Aoife O’Neill, Outsider’s consultant Chartered Physiotherapist outlines a simple mobility circuit to get your conditioning off to the perfect start this January.
Winter is the perfect time to get the fundamentals right. Outsider’s Chartered Physiotherapist Aoife O’Neill recommends practising lower to medium intensity endurance exercises and to employ mobility exercises to improve movement patterns all over the body. For any athlete, or aspirational mover, having the mobility basics right means that when it comes to increasing the load later in the year, the foundation is there, and the risk of injury is less. In an ideal world, we would all invest at least two hours a week on strength and conditioning classes but not everyone can make this kind of commitment. So, if you want to keep your mobility and conditioning level high but don’t have a lot of time, this 20-30 minute mobility circuit of exercises, done 2-3 times a week will build your fitness and endurance. And the best thing about them is you can do these exercises at home, in your garden or your local park.
Aoife recommends completing the following exercises three times in a session and repeating 2-3 times a week for approximately 3-4 weeks to get your mobility basics and function right. This circuit is not exhaustive. You could add squats, forward lunges, deadlifts or press ups to yours. This is just a start. You can adjust the intensity through speed, effort or by adding weights to some exercises. We can’t stress enough that even 10 minutes blocks of this kind of work are valuable so start small but do start!
1. Single Leg Dead Lift
For: Hamstrings, glutes, quads and lower back. Use no equipment, dumbbells or a kettlebell appropriate for your level.
- Stand on one leg with your knee slightly bent and hold a weight in each hand (optional).
- Start by bending at the hips and extend your free leg behind you.
- Lower your torso until you’re parallel to the floor, keeping your abdominal muscles tight and spine neutral.
- Return to the start position and repeat x 15 reps on one leg before switching to the opposite leg.
2. Rotational Plank
For: Abdominals and back predominantly. Also, good for developing foot and ankle strength.
- Start by getting into a plank position, weight bearing on your forearms, with your feet about hip distance apart.
- Rotate your body backwards into a side plank position and lift your top arm upwards.
- Bring your body back to the initial plank position and repeat the movement to the other side.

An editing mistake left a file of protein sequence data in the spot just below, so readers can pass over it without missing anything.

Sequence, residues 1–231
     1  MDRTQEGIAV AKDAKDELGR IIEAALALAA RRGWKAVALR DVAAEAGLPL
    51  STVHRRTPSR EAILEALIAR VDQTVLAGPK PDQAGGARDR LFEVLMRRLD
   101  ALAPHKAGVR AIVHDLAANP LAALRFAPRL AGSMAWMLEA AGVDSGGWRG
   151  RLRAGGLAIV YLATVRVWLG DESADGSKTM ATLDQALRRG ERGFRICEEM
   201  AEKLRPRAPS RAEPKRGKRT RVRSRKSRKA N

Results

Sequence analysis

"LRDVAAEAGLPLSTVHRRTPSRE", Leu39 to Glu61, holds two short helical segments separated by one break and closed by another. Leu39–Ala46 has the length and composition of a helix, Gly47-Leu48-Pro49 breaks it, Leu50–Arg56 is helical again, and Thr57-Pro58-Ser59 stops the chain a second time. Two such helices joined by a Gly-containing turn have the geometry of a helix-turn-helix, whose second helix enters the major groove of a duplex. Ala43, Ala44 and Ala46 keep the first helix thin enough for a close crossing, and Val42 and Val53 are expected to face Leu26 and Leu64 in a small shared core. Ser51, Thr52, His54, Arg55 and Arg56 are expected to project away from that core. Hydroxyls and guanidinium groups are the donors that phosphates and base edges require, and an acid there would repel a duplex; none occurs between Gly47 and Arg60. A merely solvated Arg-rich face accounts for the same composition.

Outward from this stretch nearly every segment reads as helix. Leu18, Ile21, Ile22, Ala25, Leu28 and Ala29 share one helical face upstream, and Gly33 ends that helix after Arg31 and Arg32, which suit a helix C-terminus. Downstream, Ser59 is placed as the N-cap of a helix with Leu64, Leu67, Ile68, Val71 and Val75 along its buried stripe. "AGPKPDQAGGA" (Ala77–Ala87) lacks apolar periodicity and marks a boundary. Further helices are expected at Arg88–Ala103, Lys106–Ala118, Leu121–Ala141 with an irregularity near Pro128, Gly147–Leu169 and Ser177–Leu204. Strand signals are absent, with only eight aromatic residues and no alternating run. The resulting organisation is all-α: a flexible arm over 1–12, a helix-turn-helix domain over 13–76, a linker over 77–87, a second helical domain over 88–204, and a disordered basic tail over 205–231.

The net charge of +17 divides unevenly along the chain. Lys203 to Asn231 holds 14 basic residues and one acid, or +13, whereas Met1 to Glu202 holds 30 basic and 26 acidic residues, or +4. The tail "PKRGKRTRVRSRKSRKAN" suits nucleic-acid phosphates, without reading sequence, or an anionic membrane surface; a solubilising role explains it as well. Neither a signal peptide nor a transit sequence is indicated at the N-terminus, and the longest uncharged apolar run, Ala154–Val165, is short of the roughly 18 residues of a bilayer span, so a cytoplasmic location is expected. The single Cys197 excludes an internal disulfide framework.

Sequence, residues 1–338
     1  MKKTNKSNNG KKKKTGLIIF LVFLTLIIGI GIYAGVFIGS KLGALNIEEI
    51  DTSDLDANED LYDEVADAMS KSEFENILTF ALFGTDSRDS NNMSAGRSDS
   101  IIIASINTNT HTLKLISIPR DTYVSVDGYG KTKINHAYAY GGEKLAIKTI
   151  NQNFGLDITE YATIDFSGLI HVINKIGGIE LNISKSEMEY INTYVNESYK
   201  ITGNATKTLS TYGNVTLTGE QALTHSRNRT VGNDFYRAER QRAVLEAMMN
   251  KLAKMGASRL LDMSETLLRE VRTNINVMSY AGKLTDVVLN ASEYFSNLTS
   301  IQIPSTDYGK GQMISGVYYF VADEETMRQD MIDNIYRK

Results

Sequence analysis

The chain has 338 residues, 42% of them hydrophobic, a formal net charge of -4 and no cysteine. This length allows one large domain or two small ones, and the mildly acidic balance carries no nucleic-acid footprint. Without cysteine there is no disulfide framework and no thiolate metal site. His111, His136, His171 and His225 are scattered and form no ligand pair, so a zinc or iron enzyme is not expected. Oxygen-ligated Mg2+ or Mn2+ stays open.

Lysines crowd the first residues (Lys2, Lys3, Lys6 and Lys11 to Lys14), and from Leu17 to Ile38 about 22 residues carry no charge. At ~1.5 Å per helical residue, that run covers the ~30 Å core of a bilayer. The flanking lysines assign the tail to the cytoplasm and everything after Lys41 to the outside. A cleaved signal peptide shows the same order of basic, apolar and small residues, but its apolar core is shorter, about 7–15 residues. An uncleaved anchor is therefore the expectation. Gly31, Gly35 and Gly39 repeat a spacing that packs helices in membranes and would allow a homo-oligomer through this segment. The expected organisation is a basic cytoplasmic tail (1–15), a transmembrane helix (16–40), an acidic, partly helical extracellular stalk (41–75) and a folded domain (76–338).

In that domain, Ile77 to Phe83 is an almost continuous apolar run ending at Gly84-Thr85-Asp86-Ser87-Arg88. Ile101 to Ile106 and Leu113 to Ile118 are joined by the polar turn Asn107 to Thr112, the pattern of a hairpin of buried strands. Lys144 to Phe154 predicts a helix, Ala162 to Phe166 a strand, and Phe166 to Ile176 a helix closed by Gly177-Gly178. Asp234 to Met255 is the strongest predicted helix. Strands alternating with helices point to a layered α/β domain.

- Repeat 10 times each side and avoid letting your hips and core drop to the floor.
3. Walk Outs
For: Hamstring flexibility, back flexibility and abdominal strength.
- Stand with your feet hip-width apart. Bend over from the top part of your spine down through the middle and lower spine and finally your hips to place your hands on the floor as close to your feet as possible. This is a classic Pilates spinal mobility exercise.
- Shift your weight onto your hands and begin to walk them forwards and outwards until they are beneath your head.
- You can do a push up in this position (optional) and afterwards reverse the walkout by walking your hands back towards your feet feeling the tension in your hamstrings.
- Return to your standing start position by reversing the movement.
- Repeat 8 times.
4. Side Lunges
For: Hip mobility, quads and glutes strength, and lateral movement. Hand dumbbells are optional.
- Start standing with your feet shoulder-width apart. Place your hands at your side if you have dumbbells or at your chest if not.
- Staying low with your chest upright, take a lateral large step to your right keeping your toes pointing forwards.
- Shift your weight onto your right leg by flexing the hip and knee and letting your opposite left foot grip the ground and your left knee straighten fully.
- Pause at the bottom momentarily and then extend your right working leg back to your original start position.
- Repeat 10 times to one side before completing 10 to the opposite side.
5. Pilates 100
For: Abdominal and core strength.
- This is a classic Pilates exercise named because you hold this posture for 100 beats or pulses or your arm.
- Lie on your back with your hips and knees bent to 90° and feet up in the air.
- Reach your arms up towards the sky.
- As you reach your arms back down towards the floor lift your head and upper back off the ground so that your shoulder blades are off the ground.
- As you inhale and exhale, pulse your hands to 100 feeling your abdominals working in their flexed position. At a count of 100 slowly lower your feet to the floor one at a time before lowering your head.
For activity-specific strength and conditioning, specific exercise suitability advice, or for treatment of current or old injuries please consult a chartered physiotherapist or appropriate professional. Stay warm this winter by getting moving and have fun!
Aoife O’Neill is an experienced Chartered Physiotherapist with a Masters in Manual Physiotherapy and a Diploma in Psychology. She also is a current international tennis player, ex-triathlete, Pilates teacher, outdoor enthusiast, water lover, and loves sharing her passion for health and lifestyle. She can be reached at firstname.lastname@example.org and holds her clinics at Body Med.
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